Click Here When I Die: The New Death Etiquette

Marcel Proust once wrote “But old age, to begin with, has something in common with death. Some face it with indifference, not because they have more courage than others, but because they have less imagination.”

Recently, I had the pleasure of meeting another author, Jonathan Braddock, whose new book Click Here When I Die offers some very practical advice on how to thoughtfully prepare for your own passing—which is a big help to any loved ones who have to close things out for you here. Here’s a short Q&A to hit the main issues, but I encourage everyone to pick up this book and work on your own plans TODAY!

Q: So, Jonathan — why did you write this book?
A:  It was four years ago, a beautiful Monday morning. My wife and I were actually playing golf and on the fourth hole, when her cellphone started ringing. We found out that Michelle’s father had just passed away at home on the bedroom floor. Naturally, we left the balls where they lay and headed home. The questions started to flow. Such as, what funeral home should we take them to, etc. ? We don’t know, there are several in town and we’re forced into making decisions from that point forward. It actually took us an excess of 10 months to locate everything and close out all the details of his life. During that process, it occurred to me that if something were to happen to Michelle and me, our children would have no clue. They would have no idea where to locate documents, where we bank, what kind of accounts we have, proof of ownership. I thought, “Something has to be done” and as I talked with people, going through this process and explaining what we were going through, everyone wanted to share their stories with me. They said “jeez, when my mom passed” or “when I lost my brother…” Everyone seems to experience the same thing.

Q:  Why don’t more people have plans like this?
A:   I don’t know. But it’s a fact that no one gets out of here alive. 1 out of 1 of us will, in fact, die. Technology, while making our lives so simple, has made our departure so much more complicated because people have to be able to find, locate and access all this information. It’s not doom and gloom. It’s going to happen to all of us, so why not talk about it?

Q:  So you recommend creating a plan, a roadmap to help loved ones make decisions and close out accounts, etc.
A:  Yes and there are many options from a paper letter and paper files to a Google doc to my own platform designed to help people navigate through this called mylifeandwishes.com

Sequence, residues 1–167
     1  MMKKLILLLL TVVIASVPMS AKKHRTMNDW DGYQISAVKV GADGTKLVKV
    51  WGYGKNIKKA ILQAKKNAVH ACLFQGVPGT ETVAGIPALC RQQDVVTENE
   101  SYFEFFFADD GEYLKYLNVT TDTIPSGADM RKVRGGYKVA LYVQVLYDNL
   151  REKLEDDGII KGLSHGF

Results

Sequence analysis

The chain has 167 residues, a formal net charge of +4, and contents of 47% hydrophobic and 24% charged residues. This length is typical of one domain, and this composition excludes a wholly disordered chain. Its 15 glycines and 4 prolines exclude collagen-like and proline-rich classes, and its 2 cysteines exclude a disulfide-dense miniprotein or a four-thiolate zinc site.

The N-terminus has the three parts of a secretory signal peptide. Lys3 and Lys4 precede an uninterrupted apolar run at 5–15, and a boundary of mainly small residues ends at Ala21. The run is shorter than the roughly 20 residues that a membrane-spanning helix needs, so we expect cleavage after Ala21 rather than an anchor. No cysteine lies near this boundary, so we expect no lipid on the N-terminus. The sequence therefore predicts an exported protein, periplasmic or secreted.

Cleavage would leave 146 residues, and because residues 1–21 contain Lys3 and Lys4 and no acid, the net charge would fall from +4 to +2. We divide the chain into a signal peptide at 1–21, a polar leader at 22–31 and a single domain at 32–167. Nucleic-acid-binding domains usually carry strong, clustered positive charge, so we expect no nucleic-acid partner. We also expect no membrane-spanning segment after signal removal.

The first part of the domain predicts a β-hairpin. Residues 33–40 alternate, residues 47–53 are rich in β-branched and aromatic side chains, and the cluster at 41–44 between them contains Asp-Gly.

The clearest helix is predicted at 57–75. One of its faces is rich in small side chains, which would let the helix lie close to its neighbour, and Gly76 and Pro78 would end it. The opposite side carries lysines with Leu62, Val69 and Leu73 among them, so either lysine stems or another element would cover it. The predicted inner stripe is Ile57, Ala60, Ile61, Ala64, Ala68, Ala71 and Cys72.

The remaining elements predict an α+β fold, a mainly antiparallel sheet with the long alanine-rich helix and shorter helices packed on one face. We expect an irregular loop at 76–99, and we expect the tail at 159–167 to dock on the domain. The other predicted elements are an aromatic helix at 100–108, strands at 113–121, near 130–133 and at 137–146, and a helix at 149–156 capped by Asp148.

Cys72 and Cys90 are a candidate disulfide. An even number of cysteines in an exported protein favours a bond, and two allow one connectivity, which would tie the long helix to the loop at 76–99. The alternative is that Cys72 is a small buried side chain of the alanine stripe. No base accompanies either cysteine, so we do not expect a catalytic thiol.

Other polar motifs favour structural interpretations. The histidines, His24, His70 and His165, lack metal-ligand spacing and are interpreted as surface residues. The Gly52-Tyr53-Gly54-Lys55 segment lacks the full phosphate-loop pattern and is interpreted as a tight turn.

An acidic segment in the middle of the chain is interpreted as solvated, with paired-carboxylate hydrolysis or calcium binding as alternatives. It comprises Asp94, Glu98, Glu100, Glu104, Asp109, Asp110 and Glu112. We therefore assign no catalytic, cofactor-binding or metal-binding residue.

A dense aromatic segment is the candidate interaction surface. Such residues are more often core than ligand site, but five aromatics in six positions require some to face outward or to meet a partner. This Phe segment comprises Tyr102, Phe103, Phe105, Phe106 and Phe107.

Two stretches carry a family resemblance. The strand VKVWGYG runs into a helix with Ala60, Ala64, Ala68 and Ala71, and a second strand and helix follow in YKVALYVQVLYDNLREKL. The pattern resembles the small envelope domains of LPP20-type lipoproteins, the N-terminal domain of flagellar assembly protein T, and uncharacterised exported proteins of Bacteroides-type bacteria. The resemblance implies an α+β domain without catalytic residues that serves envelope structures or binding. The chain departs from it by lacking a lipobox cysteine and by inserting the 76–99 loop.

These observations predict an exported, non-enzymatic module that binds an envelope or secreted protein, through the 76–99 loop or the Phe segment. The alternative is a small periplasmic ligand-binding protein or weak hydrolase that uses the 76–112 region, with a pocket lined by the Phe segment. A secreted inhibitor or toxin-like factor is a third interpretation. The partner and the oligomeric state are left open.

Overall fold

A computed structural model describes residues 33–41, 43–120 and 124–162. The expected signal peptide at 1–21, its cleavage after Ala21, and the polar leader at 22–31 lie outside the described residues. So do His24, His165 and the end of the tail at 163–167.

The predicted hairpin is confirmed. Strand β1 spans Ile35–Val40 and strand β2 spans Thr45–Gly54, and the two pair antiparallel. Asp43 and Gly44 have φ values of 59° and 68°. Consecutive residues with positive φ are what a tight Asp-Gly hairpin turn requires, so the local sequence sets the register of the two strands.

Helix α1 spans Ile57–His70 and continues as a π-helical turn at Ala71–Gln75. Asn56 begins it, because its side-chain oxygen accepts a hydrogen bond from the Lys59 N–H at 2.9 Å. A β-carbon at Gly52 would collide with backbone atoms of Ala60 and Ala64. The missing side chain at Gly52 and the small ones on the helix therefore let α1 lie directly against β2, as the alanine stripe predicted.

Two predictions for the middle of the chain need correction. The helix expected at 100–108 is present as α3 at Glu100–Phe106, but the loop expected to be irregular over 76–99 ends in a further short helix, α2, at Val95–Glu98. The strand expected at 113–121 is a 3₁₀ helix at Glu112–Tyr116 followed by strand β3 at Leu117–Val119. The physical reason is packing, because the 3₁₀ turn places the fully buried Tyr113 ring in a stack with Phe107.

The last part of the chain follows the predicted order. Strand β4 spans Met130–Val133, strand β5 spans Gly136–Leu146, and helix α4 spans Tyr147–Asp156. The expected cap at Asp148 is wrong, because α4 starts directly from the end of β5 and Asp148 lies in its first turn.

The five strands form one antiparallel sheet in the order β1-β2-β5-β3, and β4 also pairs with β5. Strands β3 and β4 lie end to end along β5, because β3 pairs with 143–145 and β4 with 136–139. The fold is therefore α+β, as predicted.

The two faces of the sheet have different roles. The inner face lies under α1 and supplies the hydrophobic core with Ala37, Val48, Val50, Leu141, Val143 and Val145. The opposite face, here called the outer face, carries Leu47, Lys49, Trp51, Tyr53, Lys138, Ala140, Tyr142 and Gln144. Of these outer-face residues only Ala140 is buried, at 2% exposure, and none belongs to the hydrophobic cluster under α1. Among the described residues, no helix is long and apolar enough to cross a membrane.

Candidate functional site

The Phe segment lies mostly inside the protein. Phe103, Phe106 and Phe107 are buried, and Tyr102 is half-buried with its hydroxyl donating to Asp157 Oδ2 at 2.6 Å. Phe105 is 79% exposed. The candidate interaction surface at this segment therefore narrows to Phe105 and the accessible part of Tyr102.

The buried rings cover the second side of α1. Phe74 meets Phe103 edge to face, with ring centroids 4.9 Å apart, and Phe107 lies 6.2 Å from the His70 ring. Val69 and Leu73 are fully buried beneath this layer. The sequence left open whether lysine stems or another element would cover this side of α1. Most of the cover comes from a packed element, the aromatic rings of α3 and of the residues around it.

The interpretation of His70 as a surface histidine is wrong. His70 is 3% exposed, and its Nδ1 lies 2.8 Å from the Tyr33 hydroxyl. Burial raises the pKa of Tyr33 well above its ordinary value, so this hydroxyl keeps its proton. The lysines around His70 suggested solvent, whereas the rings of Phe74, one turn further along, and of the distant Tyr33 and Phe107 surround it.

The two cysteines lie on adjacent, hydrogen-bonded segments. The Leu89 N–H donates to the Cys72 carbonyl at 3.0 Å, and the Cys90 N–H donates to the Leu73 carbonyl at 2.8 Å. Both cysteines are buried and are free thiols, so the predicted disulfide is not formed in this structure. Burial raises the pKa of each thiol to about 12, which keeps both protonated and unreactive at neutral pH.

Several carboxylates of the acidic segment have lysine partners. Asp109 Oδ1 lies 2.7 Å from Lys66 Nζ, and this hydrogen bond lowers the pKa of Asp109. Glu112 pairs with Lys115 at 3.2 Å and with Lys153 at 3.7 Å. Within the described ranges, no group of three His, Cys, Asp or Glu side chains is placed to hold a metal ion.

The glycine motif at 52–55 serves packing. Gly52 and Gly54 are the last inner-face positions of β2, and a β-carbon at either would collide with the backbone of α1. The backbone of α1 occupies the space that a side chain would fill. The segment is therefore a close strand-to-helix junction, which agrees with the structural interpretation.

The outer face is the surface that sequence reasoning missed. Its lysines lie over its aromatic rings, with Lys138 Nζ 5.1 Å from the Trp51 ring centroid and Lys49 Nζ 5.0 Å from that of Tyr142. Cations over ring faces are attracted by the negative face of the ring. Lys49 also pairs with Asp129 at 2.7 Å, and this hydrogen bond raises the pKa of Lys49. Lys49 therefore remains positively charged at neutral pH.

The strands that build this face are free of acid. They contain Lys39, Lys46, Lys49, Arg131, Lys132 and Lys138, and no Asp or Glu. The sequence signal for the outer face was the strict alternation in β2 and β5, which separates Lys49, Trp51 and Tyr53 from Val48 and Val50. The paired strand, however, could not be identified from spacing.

Q:  It’s a big thing — how does someone even get started on something like this?
A:   Well, I always start with one question. What do you want the experience (when you’re gone) to be like for your family or fill in the blank spouse, kids, et cetera,? What do you want THEIR experience to be like?  My first suggestion is have you clearly expressed your wishes to your family as to whether or not you wanted to be cremated or buried? Because a very good friend of mine, Nick, when we had a conversation a couple of years ago he said, “I wish I had known mom wanted to be cremated before I buried her.”

Q: And after that?
A:  Statistically, over 50 percent of family tend to have to put out money upfront to cover funeral costs. Many times they never recoup that back. So do you have life insurance? Because life insurance is wonderful, but only if people know you have it. Did you know there’s been over a billion dollars in life insurance that has gone unpaid in the United States. That’s because beneficiaries didn’t know the policy existed!

Q: Yes, and since people work for many employers over their careers, it’s possible there are multiple policies in effect.
A:  True, everyone is different, but the key is to think about this stuff NOW before it’s too late.

Q:  What has the response to the book been like?
A:  It’s been really great. My goal is to help a million people get organized so this very common situation does not happen to them and their families.

As any life insurance agent will tell you facing the inevitability of our own demise is a pretty tricky topic for most people. But as Jonathan says, it’s unavoidable and because of that I encourage everyone to really think about this subject and pick up Jonathan’s book. You’ll be making things easier on your loved ones and you’ll be at peace knowing that you have a good plan in place.

And if you offer your employees life insurance, be sure to let them know about it—and then appoint a beneficiary. More than half of employer-paid life policies do NOT have a named beneficiary. If you have any questions or need any help with this, just call on my team of experts!

Learn Moore:

My Life & Wishes
https://www.mylifeandwishes.com/

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